Shotokan Stances – Zenkutsu Dachi, Kokutsu Dachi, Kiba Dachi review.
While some of the stances are very similar, with just some minor differences, and while most of the deep stances are variations of high stance stances (or vice versa), there are also stances with really big difference between them. I’m not going to discuss all stances in this article as I already did it in the previous one. However, I’m going to focus on three of the most and basic Shotokan stances used by Shotokan Karate practitioners. The main focus of this article will be similarities and differences between Zenkutsu Dachi, Kokutsu Dachi and Kiba Dachi.
Why I’m focusing with ones?
Because they are the most common Shotokan stances, and mastering these ones will make learning new stances much easier. All other stances have at least one common aspect with one of this stances.
Why is so important to know the differences and similarities?
This is very important for beginners so that they will distinguish each stance and learn much faster.
So, without wasting more time let’s go straight in to business
What do Zenkutsu Dachi, Kokutsu Dachi and Kiba Dachi have in common?
There are two things: height and length. All three stances have the same height and length. Yes, I know! Some people tend to say that Kokutsu Dachi is slightly shorter then Zenkutsu Dachi and or Kiba Dachi, but that difference is so small that for a beginner will most likely complicate things. Needless to say, from my searches, the Japanese Masters teach these three stances as having the same length and height. Of course, not everybody has the same body and there will always be slightly differences from on person to the other.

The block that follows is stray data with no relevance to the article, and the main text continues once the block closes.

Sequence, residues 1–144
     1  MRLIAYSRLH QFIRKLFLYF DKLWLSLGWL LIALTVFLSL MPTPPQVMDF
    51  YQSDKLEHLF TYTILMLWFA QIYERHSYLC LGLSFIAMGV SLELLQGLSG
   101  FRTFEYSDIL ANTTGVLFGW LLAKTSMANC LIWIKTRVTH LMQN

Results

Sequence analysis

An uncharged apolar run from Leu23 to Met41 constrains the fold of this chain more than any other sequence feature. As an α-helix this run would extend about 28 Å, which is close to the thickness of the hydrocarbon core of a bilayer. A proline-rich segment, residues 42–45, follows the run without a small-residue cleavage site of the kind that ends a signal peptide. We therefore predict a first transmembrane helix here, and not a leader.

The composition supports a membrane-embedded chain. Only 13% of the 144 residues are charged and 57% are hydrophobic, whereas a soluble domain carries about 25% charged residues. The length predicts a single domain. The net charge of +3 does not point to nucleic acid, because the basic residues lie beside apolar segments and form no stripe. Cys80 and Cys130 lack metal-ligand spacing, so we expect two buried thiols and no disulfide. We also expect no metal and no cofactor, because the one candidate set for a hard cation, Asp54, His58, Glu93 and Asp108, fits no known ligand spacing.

Looking just at the relation between Kokutsu Dachi and Kiba Dachi, we can also see that these two stances are executed with the heels on the same line, unlike Zenkutsu Dachi which requires the heels to be on different lines in order to maintain balance and have a solid stance. Also, both Kiba Dachi and Kokutsu Dachi have both knees bend, unlike Zenkutsu Dachi, which is executed by only bending the front knee.
And no the other thing,
What is the difference between them?
While there are a few differences, there is one thing that makes each of this Shotokan Stances very unique, and that one is really hard to spot by beginners. Especially when they get asked about the main difference. And that is: distribution of weight. While Zenkutsu Dachi keeps the weight forward and Kukutsu Dachi on the back, Kiba Dachi splits it even between the two legs with 50% of the weight on one leg and 50% on the other leg.
Once these main characteristics are understood, weight shifting drills from one stance to another are much easier to comprehend.
Two of my favorite drills for teaching bodyweight shifting are:
- The classic Kokutsu Dachi Shuto Uke kara Zenkutsu Dachi Ghyaku zuki.
- 1.1 Static shifting from Kokutsu Dachi to Zenkutsu Dachi – no moving forward, no arms
- 1.2 Same thing using arms
- 1.3 Same thing moving forward.
- Note: Everything is repeated 10-20 slow and another 10-20 times with Kime
- Zenkutsu Dachi to Kiba Dachi
- 2.1 From Kiba Dachi step forward into hidari Zenkutsu Dachi. With the same leg step back into Kiba Dachi sliding to the left (Sliding is Kiba Dachi from left to right will increase the awareness regarding the distribution of weight), then repeat everything on the other side.
- 2.2 After 10-20 repetition add Oi Zuki while stepping in Zenkutsu Dachi and Yoko Empi when sliding back in Kiba Dachi.
Of course there are many other ways of improving this, but these are my personal favorites. Nonetheless, I think this covers the main focus of this articles and I hope that this will prove helpful to everyone.
Note: To me beginner level is represented by white belts up to blue (including blue also) and the best way to teach this varies from one belt rank to another. White, yellow and orange belts may require different drill unlike green and blue belts that already have a certain experience. Also body weight shifting drill will not only vary with belt rank but also with age. What I had put together in this article is just a general idea and is not representing a certain belt rank or age.
Thank you for reading,